Not having a family meant I didn’t really know how to connect to friends. Family is a set of documentary-makers, all with their own films, arguing in the editing suite about what shots to use to describe any given part of the journey. There’s nobody arguing in my version. It’s why I enjoy the chaos of such a peripatetic career. But I’ve realised there are solid people who remained consistent throughout. When I was younger, I probably wasn’t the easiest person to connect with, but there were people who had a depth to them and could absorb it, and Val was one of them.

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Her disapproving look can go a long way. I was a bit of a wild child when she met me. I don’t drink any more, but there was a point where I was losing my way. As someone with my kind of story, there are a lot of pitfalls when it comes to alcohol. Val’s light was always there. I could call her up and she would still give me a smile, a “Hey, are you OK?”, and that was enough for me. I can get by on very little, but without that very little I would never have got by.

Valerie Bloom

This photo is Lemn and I larking around after a gig at the Harris Museum in Preston.

I met him when I was working for North West Arts and one of my co-workers told me: “I’ve got someone I think you would love to meet. His name is Lemn and he has written a little booklet, and has a manuscript and wants to have it published.” I told her to send him in. Lemn arrived with a cheeky little grin, just like my brother. It was love at first sight.

I was so moved by the power of his poetry. It needed shaping, but his words touched me. One was called She Read As She Cradled, a lovely poem about a mother. Each verse ended with: “Every mother wants a baby like you.” I’d just had my son and found it so moving. You could see straight away that there was talent there, and very deep emotion.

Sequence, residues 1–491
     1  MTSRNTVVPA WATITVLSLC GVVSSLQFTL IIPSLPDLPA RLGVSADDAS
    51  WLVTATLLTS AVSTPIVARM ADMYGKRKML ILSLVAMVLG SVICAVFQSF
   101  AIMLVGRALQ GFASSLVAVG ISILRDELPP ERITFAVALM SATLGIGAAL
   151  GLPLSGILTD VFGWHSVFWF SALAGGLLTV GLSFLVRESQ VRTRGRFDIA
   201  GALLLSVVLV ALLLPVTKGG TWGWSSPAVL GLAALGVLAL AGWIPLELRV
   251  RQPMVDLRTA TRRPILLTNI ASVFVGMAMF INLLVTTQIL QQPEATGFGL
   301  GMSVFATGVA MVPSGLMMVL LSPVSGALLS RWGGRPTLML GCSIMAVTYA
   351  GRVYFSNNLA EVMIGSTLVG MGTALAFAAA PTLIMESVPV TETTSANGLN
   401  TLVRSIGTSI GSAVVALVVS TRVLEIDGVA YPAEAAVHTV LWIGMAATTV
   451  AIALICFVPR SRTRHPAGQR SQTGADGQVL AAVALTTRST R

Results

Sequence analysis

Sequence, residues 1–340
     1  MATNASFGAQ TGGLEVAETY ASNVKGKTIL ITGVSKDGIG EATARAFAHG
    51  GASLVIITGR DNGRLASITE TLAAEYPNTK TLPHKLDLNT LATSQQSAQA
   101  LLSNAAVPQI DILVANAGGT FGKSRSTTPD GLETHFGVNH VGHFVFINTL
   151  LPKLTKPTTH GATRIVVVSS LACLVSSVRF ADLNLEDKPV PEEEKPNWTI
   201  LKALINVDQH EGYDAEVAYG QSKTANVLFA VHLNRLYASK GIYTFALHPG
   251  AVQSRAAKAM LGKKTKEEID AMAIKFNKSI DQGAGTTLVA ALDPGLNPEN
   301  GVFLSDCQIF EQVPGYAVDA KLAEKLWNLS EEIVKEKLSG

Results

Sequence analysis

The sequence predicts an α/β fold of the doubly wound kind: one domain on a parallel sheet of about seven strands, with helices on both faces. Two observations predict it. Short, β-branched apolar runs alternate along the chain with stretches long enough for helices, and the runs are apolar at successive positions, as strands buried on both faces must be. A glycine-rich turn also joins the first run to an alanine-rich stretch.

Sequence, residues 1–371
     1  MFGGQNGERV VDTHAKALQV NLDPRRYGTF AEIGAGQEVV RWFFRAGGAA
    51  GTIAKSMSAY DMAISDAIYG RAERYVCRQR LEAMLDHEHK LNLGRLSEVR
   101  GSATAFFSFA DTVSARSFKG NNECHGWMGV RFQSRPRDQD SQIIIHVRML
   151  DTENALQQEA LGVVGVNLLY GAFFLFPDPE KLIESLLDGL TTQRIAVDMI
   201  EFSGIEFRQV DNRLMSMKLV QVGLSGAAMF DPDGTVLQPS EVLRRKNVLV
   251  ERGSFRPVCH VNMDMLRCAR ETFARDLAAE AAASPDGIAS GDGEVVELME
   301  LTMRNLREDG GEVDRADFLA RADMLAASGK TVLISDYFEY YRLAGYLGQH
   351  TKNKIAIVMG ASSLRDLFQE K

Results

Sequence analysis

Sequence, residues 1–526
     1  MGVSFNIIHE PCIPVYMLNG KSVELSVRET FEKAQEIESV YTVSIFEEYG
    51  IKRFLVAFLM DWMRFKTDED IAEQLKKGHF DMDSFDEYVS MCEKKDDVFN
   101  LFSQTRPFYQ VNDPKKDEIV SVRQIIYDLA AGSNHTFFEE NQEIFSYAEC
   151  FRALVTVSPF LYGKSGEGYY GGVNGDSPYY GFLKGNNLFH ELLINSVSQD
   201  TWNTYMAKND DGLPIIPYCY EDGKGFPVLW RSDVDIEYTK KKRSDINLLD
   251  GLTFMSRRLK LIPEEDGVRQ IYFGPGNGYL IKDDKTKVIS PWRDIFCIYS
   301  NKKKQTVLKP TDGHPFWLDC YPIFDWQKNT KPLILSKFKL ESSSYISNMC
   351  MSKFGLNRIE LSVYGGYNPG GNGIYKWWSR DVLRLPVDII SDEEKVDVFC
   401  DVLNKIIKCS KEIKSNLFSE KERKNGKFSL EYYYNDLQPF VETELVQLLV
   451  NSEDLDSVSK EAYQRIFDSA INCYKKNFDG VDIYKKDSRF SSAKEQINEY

Lemn had just left care. As we spent more time together, he told me more about his story, about his childhood. I will never forget when he phoned me to say: “I found my mum!” Each time I hear him recount the story of his life, in his writing or on the radio or television, it is just as painful. These days I am relieved to find that he has more comfort and closure about his past.

From the start I wanted to look after him, a bit like a mother. I often tell him off and he’s always saying: “Sorry, Val!” He started smoking when he was 11 and I am told that he has recently stopped. He says he’s been counting up the hours since he last had a cigarette. One thousand, apparently.

When Lemn and I would perform together, he would be telling a lot of jokes on stage and I’d have to say: “Lemn! Poems!” These days he is much more mature. He’s a chancellor now, of course! He says he’s not comfortable in suits, but he’s settling into the role so beautifully. You would never know.

When I left Manchester to live in St Lucia for three years we were not in touch so much, but I always followed his development and I’m so proud of him. Each time we meet up it’s like no time has passed. We are still crazy together.


Harriet Gibsone

The GuardianTramp